Artist: Squad Five-O
Album: Late News Breaking
Label: Capitol Records
Review by: Phil Nichols
Everyone likes to root for the underdog. Be it politics, sports, movies, or music, people love to see the little guy beat the odds and succeed.
Enter: Squad Five-O, a band whose saga is by all definitions an underdog story:
Exhibit A: The humble beginning. Squad Five-O started as the ska/punk exploit of two twin brothers, Jeff and John Fortson of Savannah, Georgia. The band was signed to the virtually unheard of Bulletproof Records, the former home of such bands as: One-21, Dear Ephesus, and Tenderfoot. They released their first two albums and stayed on the Bulletproof roster until Tooth and Nail picked up the band in 2000.
Exhibit B: The sound. The band took a huge risk with their third album, "Bombs Over Broadway", changing their style from ska/punk upstrokes to glam rock riffage. The release was met with mixed reviews, but the band pressed on to create another album. Their self-titled fourth full length combined the raw energy of the band's legendary live show with the rock and roll sound of their previous disc. The result: arguably one of the best Tooth and Nail releases to date.
Exhibit C: The Big Leagues. This past year, Tooth and Nail sold Squad Five-O's contract to Capitol Records. The band had gone from obscurity to having a home on one of the biggest labels in the country. Capitol put up the band in a practice space for a month to write their debut record. Now just months later, the band has released Late News Breaking, Squad's attempt to break into the big leagues.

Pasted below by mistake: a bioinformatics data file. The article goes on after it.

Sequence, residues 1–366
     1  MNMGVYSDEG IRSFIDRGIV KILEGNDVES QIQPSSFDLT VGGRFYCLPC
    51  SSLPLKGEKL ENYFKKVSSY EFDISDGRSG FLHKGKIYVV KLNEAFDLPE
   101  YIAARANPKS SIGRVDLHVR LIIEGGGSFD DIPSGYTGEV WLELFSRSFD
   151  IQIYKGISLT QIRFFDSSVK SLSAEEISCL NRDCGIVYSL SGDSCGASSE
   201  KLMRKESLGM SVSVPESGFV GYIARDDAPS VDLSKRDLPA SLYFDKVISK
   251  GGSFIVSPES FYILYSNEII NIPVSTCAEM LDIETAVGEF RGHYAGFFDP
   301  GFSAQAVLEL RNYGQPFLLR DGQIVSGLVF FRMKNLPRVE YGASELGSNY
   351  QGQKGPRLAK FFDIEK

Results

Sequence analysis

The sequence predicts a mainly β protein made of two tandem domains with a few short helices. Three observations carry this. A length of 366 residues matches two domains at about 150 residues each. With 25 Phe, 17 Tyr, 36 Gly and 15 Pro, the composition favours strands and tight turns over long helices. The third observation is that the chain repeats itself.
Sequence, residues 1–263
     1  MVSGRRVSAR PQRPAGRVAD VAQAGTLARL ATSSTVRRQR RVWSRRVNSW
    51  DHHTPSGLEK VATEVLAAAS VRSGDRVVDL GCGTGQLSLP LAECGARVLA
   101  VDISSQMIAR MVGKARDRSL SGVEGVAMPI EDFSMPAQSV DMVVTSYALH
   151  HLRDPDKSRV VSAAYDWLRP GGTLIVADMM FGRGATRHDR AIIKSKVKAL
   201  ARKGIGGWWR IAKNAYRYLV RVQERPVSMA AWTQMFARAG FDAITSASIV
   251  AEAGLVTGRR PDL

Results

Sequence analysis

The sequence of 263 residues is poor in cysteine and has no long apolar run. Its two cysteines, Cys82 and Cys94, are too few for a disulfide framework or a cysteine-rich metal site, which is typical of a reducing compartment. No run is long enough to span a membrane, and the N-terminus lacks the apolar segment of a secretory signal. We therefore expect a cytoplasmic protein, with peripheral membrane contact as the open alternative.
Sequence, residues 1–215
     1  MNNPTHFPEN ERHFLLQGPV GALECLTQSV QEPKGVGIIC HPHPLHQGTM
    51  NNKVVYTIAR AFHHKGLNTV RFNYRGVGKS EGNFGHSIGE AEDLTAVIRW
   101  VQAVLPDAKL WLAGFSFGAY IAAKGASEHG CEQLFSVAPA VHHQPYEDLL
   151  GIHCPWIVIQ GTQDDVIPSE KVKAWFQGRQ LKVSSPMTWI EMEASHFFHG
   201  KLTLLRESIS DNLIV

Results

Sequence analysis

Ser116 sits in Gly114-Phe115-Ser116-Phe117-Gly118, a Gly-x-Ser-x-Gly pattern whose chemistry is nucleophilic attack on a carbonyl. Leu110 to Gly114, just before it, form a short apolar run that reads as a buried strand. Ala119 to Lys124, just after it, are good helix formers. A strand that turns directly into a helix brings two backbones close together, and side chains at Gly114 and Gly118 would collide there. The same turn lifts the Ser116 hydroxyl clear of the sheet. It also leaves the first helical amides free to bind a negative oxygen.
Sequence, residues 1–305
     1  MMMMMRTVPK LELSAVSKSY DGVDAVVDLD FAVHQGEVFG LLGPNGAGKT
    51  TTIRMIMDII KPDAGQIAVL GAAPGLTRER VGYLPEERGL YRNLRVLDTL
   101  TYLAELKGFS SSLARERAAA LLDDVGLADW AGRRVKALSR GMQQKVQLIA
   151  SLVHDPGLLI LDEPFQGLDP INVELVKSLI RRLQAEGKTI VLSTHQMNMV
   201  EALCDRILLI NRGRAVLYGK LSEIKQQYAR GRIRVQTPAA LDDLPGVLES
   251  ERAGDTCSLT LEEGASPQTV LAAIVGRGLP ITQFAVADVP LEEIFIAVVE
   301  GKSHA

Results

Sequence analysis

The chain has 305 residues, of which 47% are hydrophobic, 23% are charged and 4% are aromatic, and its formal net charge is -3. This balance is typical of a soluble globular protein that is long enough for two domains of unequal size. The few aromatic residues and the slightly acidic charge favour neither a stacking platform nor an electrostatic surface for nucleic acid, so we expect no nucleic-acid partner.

Now, whether you are a fan of the ska/punk material or the band's recent offerings, Late News Breaking offers the best of both worlds. The album kicks off with "Always Talking, Never On the Run", an energetic opener showing off the rock and roll aggression of their last album. Squad Five-O has once again done a great job capturing their live energy while maintaining excellent musicianship, and this song is a prime example. The gritty guitar solos, bouncing basslines, and tight drumming will keep your head bobbing long after the album ends.
While much has stayed the same since their last album, a few changes have been made as well. The first notable alteration is the harking back to their ska days with some reggae-influenced tracks. Quite a few of the songs sound similar to London Calling era Clash, while others have an Out Come The Wolves vibe mixed in with the traditional rock sound. Another change for the band is the lyrics. This time around, the whole band contributed to the songwriting process, thus there are some "creative" lines (huggle and a kissle?) and a lot of new topics addressed- namely politics. Squad seems to take the Joe Strummer approach to political lyrics: telling the listener how it is, without telling them how to think. Even if you don't agree with their take on things, their ability to make a relevant song without sounding cliché is commendable.
Late News Breaking is essentially the culmination of Squad Five-O's musical career, combining the reggae of yesteryear with the rock and roll of recent times. The band is tight, the songs are catchy, and the production is well done. The only noticeable flaws are the few scattered filler songs throughout the disc. Luckily, a bad Squad song is still a pretty decent listen. If you are a fan of The Clash, past Squad Five-O albums, or just some good ol' rock n' roll, you will want to check out Late News Breaking.
Don't you just love underdog stories with happy endings?